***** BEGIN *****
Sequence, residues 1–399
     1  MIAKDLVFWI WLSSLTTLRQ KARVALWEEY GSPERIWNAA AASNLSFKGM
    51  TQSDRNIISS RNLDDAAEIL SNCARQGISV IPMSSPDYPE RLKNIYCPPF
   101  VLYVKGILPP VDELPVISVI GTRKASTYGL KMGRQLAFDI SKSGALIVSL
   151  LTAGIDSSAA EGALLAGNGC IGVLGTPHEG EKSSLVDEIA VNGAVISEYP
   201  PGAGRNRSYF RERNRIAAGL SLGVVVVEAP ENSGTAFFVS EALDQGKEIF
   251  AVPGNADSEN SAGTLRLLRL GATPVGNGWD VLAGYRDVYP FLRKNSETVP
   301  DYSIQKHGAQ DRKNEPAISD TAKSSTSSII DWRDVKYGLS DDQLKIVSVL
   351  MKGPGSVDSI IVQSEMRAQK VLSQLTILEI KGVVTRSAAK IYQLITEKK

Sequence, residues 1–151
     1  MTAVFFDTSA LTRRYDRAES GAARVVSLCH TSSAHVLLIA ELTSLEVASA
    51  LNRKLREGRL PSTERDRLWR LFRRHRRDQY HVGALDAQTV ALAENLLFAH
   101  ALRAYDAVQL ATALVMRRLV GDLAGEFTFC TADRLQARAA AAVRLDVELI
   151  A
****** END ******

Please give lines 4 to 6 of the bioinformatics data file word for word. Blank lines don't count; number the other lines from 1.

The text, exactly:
   101  VLYVKGILPP VDELPVISVI GTRKASTYGL KMGRQLAFDI SKSGALIVSL
   151  LTAGIDSSAA EGALLAGNGC IGVLGTPHEG EKSSLVDEIA VNGAVISEYP
   201  PGAGRNRSYF RERNRIAAGL SLGVVVVEAP ENSGTAFFVS EALDQGKEIF